“After this I looked and there before me was a great multitude that no-one could count, from every nation, tribe, people and language, standing before the throne and in front of the Lamb. They were wearing white robes and were holding palm branches in their hands. And they cried out in a loud voice: “Salvation belongs to our God, who sits on the throne, and to the Lamb.” All the angels were standing round the throne and around the elders and the four living creatures. They fell down on their faces before the throne and worshipped God, saying: ‘Amen! Praise and glory and wisdom and thanks and honor and power and strength be to our God for ever and ever. Amen!’ Then one of the elders asked me, ‘These in white robes — who are they, and where did they come from?’ I answered, ‘Sir, you know.’ And he said, ‘These are they who have come out of the great tribulation; they have washed their robes and made them white in the blood of the Lamb.’” (Revelation 7:9-14, NIV.)

Notice that the great multitude “from every nation, tribe, people and language” came out of “the great tribulation” — that is to say, they endured it (okay, or at least, part of it).

“He [the beast from the sea] was given power to make war against the saints and to conquer them. And he was given authority over every tribe, people, language and nation.” (Revelation 13:7 NIV)

“If anyone is to go into captivity, into captivity he will go. If anyone is to be killed with the sword, with the sword he will be killed. This calls for patient endurance and faithfulness on the part of the saints.” (Revelation 13:10 NIV.)

“This calls for patient endurance on the part of the saints who obey God’s commandments and remain faithful to Jesus.” (Revelation 14:12 NIV.)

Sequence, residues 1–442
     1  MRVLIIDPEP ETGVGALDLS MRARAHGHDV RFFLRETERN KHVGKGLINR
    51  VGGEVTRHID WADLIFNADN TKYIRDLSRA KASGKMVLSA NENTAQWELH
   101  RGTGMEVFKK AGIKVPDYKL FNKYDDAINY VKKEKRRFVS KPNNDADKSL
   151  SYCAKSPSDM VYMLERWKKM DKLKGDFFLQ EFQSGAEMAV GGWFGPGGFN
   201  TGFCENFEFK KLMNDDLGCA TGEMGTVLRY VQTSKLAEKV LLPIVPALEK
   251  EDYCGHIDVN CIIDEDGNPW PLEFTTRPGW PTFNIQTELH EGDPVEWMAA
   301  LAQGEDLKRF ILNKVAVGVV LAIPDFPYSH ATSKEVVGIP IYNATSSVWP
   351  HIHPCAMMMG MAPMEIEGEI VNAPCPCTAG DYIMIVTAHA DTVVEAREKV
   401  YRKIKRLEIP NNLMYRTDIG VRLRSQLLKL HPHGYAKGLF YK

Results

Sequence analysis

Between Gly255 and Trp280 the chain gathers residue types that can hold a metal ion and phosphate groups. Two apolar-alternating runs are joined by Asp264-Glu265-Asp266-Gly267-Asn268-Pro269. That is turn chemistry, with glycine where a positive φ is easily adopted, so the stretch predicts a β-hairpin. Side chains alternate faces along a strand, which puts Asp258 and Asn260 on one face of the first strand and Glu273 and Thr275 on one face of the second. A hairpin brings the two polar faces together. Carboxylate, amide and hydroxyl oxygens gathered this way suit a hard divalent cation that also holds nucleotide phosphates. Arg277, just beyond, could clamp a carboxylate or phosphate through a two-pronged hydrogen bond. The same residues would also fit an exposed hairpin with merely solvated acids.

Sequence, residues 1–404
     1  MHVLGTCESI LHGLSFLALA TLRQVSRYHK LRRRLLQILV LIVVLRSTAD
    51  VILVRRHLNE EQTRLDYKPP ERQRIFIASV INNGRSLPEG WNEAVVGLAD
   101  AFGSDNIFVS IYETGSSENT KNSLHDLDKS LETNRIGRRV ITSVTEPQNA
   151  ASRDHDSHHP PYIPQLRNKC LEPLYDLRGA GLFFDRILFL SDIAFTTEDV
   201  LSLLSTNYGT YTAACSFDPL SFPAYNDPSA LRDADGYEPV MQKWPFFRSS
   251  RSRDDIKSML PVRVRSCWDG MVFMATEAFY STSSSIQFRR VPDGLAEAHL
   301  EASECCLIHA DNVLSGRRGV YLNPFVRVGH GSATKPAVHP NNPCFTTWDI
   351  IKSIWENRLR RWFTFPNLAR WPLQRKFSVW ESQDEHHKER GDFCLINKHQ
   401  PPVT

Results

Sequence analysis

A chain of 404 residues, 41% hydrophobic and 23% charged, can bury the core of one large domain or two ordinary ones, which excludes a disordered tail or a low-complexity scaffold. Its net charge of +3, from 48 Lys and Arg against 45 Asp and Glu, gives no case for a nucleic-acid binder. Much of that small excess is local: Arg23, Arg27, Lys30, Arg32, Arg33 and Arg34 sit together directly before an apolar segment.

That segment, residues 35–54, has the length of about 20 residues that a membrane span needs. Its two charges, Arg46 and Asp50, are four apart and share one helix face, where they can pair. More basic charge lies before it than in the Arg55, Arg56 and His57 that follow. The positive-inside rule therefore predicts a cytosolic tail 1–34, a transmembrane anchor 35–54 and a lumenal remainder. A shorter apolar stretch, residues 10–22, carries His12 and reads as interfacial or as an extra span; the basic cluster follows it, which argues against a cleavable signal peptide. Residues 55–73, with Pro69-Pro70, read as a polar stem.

“I saw that the woman was drunk with the blood of the saints, the blood of those who bore testimony to Jesus. When I saw her, I was greatly astonished.” (Revelation 17:6 NIV.)

To summarize:

  1. the Bible does not generally separate the “gathering together” and “judgement” aspects of Jesus’ Return
  2. the NT does not clearly promise that the “saints” or the “elect” will have any exemption from the tribulations of the last days,
  3. many passages in the NT are given to prepare the followers of Christ for times of tribulation,
  4. the pre-trib Rapture doctrine is an implication of the Dispensational theory of biblical interpretation (the current crop of believers must leave the earth at the next major Dispensational shift, so that God can return to working with Israel again) and has no basis in the Bible without it.

While, with great effort the relevant passages can be made to conform to the Dispensational view, they need not be read that way. In certain cases, the Dispensational view seems to run directly counter to the more natural sense of the passages in question.

Or, to put it more succinctly: The Pre-Tribulational Rapture is not a biblical doctrine.

But, the burning question for our day is: how do we recover the NT concept of Hope? How can we teach a credible doctrine of Hope for our generation?

Craig L. Adams

Posts

I used to be a United Methodist pastor. I served several small United Methodist churches from 1975 to 2010. My interests include Bible, Wesleyan Theology, science, jazz, mystery novels and Mac computers. You can find out more about me at my web site: http://web.me.com/craigadams1
  • http://covenantoflove.net Derek Ouellette

    So Craig, out of curiousity, which Covenantal view of eschatology to you subscribe?